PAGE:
IRduino is an open source and programmable USB infrared receiver that gives new life to old remote controls.
For decades, consumer electronics have relied upon infrared remote controls for operation. However, recent advancements in technology, like Bluetooth connectivity, motion sensors and voice recognition, have led to piles of obsolete remotes collecting dust in closets and storage bins throughout the world. But what if you were able to bring these antiquated gadgets back to life and put them to work in creative, more productive ways? Enter the IRduino.
The brainchild of Longan Lab, IRduino is a peripheral device that enables just about any IR signal to be translated into commands. Based on an ATmega32U4, the board is equipped with an SMD IR receiver and on-board USB interface. It operates by default at 5V with a clock speed of 16MHz, not to mention packs 32KB of Flash, 2.5KB of SRAM, 1KB of EEPROM and a remote distance of over 16 feet.
And unlike many products on the market, the pocket-sized IRduino (just 0.7” x 1.3”) is thick enough to sit snugly inside a USB port. To keep the device humanized, its creators have even screen printed a little robot on its reverse side with a pair of programmable LEDs for eyes.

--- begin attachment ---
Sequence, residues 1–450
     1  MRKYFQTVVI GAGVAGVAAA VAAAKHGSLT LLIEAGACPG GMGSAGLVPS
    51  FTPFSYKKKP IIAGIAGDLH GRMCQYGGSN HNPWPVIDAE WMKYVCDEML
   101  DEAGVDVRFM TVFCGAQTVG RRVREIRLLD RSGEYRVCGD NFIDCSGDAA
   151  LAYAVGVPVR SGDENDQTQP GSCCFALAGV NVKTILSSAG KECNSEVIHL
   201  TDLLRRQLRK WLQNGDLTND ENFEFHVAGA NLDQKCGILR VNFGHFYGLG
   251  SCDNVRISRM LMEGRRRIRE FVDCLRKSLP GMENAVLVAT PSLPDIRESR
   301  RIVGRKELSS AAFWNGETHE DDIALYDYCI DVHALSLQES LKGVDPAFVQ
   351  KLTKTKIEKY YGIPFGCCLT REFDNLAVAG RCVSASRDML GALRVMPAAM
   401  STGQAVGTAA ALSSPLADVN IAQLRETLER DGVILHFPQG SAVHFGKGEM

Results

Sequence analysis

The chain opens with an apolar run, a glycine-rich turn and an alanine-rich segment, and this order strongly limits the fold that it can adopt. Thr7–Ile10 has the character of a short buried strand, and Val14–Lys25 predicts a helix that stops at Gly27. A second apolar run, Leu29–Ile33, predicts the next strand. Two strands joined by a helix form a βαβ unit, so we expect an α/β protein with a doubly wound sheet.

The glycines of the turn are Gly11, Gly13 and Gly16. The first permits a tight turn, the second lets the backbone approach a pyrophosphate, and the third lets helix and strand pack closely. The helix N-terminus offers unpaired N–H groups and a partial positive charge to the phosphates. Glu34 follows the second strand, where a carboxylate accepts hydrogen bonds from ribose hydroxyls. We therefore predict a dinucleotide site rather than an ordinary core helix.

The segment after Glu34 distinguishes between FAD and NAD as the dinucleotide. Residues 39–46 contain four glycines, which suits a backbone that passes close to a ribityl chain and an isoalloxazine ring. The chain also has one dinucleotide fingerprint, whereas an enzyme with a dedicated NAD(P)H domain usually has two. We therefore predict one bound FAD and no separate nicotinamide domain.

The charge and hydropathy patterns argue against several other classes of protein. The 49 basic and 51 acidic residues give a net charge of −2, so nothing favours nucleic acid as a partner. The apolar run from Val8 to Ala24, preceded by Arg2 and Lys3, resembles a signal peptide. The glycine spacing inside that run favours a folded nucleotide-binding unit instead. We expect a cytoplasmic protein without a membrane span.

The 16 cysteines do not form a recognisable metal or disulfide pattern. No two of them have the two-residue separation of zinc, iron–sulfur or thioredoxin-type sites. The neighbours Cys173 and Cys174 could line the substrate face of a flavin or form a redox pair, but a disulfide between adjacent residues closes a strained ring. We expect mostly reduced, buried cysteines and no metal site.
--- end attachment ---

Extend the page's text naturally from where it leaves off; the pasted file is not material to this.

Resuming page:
Beyond that, IRduino comes with the Arduino Leonardo bootloader pre-installed, which makes it fully compatible with the incredibly popular Arduino IDE for programming. According to the Longan Lab team, the board features an open source library that will work with nearly 95% of infrared remotes on the market, such as air conditioner units, TVs, DVD players and household appliances, among a number of other machines.
As for its applications, Makers will find IRduino to be both practical and entertaining. Since it’s compatible with many platforms, ranging from Raspberry Pi to Mac, the possibilities are truly endless. For instance, it can serve as an interface for a single-board media center, a controller for simple games, a remote for PowerPoint presentations, as well as a quick way to reboot a laptop with the push of a button.
Are you ready to give your old remote controls a new lease on life? Then head over to IRduino’s crowdfunding campaign on CrowdSupply, where the team is currently seeking $2,000. Delivery is expected to get underway in September 2015.